What the Rich Know and the Poor Don’t

rich and poorBy David John Marotta

Financial planning is important, but it is never urgent. Most people fail to establish a financial plan because they fail to start planning. Some resolutions can be postponed, but for every six years that you delay saving and investing, you cut your retirement lifestyle in half. So, act on your resolution today.

To successfully build wealth, you must know the answer to two important financial questions. However, many Americans never bother to get the answer for themselves. Being able to answer these two questions is an important first step toward meeting your financial goals.

Depending on your station in life, this first question should be modified to fit your situation. For those who are still saving for retirement the question is “How much money do I need to save this month to cover my longer-term financial needs?” If you are already retired, the question is “How much money can I spend this month so that I don’t run out of money during my lifetime?”

Don’t try and sidestep this first question by thinking you will work forever. Assuming you won’t retire is not a good retirement plan. Neither is dying young.

If you are a woman, you are much more likely to outlive your family’s finances. If you fail to save enough during your working years, your investments may not keep pace with inflation or your spending may leave you out of money.

When you run out of money during retirement, you lose your lifestyle and your independence. Knowing how much you should be saving or spending minimizes the chance that you will outlive your money and provides you with peace of mind.

The second question you should be able to answer is, “What return on investment did your assets earn last year?” If you think a couple percentage points on your investment return each year won’t make much difference, think again. Adding a few more percentage points to your return, compounded over 40 years, will double your standard of living in retirement.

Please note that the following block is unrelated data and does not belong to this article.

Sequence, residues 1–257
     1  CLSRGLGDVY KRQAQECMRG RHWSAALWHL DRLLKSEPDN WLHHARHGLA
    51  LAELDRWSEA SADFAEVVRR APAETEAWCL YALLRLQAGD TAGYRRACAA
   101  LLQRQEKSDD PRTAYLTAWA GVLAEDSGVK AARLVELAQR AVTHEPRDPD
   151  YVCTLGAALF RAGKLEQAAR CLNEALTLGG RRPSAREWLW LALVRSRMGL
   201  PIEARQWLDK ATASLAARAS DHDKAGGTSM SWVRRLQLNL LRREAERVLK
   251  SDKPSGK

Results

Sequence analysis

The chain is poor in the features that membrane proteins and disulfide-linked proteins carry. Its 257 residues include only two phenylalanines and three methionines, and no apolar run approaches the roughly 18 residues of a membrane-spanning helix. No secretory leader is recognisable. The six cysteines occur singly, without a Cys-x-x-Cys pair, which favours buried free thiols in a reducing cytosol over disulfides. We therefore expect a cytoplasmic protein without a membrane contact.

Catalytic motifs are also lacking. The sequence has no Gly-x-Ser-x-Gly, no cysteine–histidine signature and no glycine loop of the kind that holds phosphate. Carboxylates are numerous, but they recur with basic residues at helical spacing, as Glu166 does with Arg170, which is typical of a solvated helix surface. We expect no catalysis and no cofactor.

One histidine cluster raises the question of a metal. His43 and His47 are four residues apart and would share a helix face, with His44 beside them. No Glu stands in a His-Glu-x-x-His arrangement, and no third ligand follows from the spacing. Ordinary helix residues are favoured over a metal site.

It is also unwise to assume that your portfolio earned roughly the same as the indexes reported in the news. Your asset allocation will determine the majority of your investments returns. Consider the following different returns for the exact same year.

In 2000, when large cap growth stocks lost 33.51%, small cap value stocks earned 18.58%. In 2001, when the NASDAQ lost 21.05%, the Russell 2000 Value earned 14.02%. In 2002, when the S&P500 lost 22.10%, the Johannesburg Stock Exchange Gold Index earned 130.33%. In 2003, when the Lehman Aggregate Bond earned 8.44%, Emerging Markets earned 42.34%. In 2004, when the Dow earned 5.31%, the Goldman Sachs Natural resources earned 24.57%. In 2005, when the S&P500 earned 4.91%, the EAFE Foreign Index earned 25.96%. This past year, in 2006, while large cap value was earning 25.78%, large cap growth only earned 5.68%. How did your portfolio do?

If a few percentage points can double your retirement lifestyle, having a proper asset allocation is what makes it possible to retire comfortably in the first place. Until you know the exact return of your investments, you won’t be able to evaluate the drag on your portfolio by being too conservative or the cost to your portfolio by being too aggressive. You also won’t be able to evaluate the hidden costs of investments with high expense ratios or transaction fees.

David John Marotta works at Marotta Asset Management, Inc. of Charlottesville which provides fee-only financial planning and asset management.

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4 Responses to What the Rich Know and the Poor Don’t

  1. Minimum Wage says:

    It doesn’t matter how much you “need to save this month…” if you don’t have it.